Once I knew I’d be doing this weekly, several logistics had to be sorted out. Where was the food coming from? Where would I store the food between pick-ups? When would it be picked up?

Interestingly, I don’t have enough food in my own cupboards to share with someone weekly. Fortunately, I know many others who are like-minded and highly value supporting and helping others so I began to reach out. Within days I had more than seven bags of food to share and it occurred to me that this would be my goal – 7 bags for 7 days. That should get her through the week.

It didn’t take too long for me to see that if I considered myself as the Product Owner of this product – a weekly food package – that there might be valuable Agile concepts and practices which could easily help support the sustainability of this initiative. 

Is this a Project or a Product?”

 

Immediately, an Agile Coach inspired me to think of this not as a project, but as a product. The main difference, he reminded me, is that a project has a start and an end. A product doesn’t have an end date. It can always improve.

At the beginning, I thought of this as a “project.” You know? A bunch of us getting together with the vision of sharing food weekly. It was our “Food Sharing Project.”

Before long, I realized that was an old way of thinking about work. When I thought about the food package as a product a lot changed. It became easier to see what was needed for this product to be useful to the recipient. The quality of this product became clear.

I also watched this video from Mishkin Berteig which encouraged me to think about the ways in which this package could be run with Scrum. (So far, I am the Product Owner. Now I just need a ScrumMaster and Scrum Team. You never know, maybe this will evolve some day!)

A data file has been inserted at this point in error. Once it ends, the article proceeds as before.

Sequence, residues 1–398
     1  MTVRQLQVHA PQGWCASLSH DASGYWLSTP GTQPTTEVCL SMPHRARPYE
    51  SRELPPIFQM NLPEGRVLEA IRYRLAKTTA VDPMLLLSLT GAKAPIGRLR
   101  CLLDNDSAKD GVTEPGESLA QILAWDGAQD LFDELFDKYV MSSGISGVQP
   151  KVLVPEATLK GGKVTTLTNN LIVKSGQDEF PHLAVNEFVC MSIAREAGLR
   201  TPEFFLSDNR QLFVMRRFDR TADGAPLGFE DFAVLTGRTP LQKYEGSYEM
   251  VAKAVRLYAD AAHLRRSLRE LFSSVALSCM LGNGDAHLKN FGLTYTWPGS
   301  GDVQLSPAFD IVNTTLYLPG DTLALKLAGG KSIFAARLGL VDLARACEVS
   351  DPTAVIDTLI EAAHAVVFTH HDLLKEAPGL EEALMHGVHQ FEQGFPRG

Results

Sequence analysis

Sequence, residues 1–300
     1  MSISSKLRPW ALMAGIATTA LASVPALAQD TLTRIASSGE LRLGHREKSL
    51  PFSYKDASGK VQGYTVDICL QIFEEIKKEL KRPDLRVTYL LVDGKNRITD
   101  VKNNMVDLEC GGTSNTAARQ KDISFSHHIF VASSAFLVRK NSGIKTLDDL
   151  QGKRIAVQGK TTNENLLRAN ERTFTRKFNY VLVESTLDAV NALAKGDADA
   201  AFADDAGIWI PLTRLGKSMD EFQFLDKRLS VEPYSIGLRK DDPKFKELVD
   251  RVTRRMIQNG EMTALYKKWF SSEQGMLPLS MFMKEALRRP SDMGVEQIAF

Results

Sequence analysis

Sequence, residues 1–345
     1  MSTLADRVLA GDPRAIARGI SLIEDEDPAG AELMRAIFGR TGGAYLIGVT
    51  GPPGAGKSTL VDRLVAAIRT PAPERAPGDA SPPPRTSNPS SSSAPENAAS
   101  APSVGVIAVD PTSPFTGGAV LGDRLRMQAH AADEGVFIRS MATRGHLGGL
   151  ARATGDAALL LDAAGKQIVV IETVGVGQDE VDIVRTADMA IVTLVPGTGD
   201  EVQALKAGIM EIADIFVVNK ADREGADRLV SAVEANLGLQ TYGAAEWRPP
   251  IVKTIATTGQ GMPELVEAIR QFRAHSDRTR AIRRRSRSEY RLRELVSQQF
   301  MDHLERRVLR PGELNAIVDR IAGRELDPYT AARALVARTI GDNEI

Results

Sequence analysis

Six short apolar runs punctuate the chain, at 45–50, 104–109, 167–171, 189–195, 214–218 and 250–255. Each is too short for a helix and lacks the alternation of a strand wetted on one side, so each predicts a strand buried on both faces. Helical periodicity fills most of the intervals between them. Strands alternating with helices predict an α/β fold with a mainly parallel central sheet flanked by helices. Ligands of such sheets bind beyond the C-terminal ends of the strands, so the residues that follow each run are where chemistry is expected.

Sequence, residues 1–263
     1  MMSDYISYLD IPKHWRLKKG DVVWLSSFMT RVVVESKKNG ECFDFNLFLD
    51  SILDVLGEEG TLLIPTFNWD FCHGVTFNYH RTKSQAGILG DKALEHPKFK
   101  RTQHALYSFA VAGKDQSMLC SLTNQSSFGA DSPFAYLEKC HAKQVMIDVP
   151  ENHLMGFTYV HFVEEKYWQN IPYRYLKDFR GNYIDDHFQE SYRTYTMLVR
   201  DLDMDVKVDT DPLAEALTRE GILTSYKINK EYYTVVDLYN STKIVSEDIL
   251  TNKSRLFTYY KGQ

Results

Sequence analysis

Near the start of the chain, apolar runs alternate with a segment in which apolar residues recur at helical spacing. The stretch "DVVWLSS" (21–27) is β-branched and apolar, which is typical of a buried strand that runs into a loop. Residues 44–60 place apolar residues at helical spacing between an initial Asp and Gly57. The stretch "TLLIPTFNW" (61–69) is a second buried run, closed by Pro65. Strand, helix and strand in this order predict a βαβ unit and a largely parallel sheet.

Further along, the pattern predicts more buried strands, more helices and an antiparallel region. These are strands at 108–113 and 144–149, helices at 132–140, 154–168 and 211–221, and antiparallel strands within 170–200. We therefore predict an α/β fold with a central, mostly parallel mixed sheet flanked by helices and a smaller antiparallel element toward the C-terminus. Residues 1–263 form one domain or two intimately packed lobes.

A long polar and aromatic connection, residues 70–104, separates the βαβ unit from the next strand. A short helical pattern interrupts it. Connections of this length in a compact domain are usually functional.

Then I read this article by Mike Caspar which got me thinking about acceptance criteria and the importance of consultation, reflection, learning and planning.

The key learning for me today is that when I think about this service of delivering a weekly care package as a product I see it’s likely it can continue indefinitely, always improving. That really excites me.

It is not a project, but a product and is being organized and delivered using Agile methods.

This is one way that Agile is being used outside of IT with great success.

 

 


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New Agile Planning Game For Parents & Children

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planningpokerdecks

 

Challenge: As children age, they want to have more say in how they spend their time. Sometimes they don’t know how to express what is important to them or they can’t prioritize their time.

Solution: Parents can easily include their children in decision-making by using an Agile playing card method.  Here’s how it works.

TO PLAY THE GAME – 

You will need:

A pack of playing cards

A stack of post-it notes

Enough pens for everyone playing

Steps to play:

SET UP

  1. Distribute post its & pens to each player
  2. Set a timer for 2 minutes
  3. Each person writes things they want to do for the pre-determined time (on a weekend, throughout a week, or in an evening)
  4. There is no limit to how much you can write.

PLAY

  1. Decide who goes first.
  2. Take turns placing one post it on the table
  3. Each person decides the value of that activity (0-8)
  4. When everyone has decided play the cards
  5. Notice what everyone chose.
  6. If someone played a 1 or 0 it’s nice to listen to why they rated it so low
  7. Place the sum of the two numbers on the corner of the post it.
  8. Continue this going back & forth putting the activities in a sequence with the higher numbers at the top

DISCUSS

  1. When all the post it activities have been gone through, then look at the top 5 or 6 items. These will likely be the ones you will have time for.
  2. Discuss if there are any over-laps and shift the list accordingly.
  3. Discuss what makes the most sense and what both would like to do. The chances are good that all of these items are ones that both/all people rated high, that’s what put them on the top of the list.
  4. It should be relatively easy to find a way to do the top 3-5 activities with little effort.

PLAN for the day and ENJOY!!!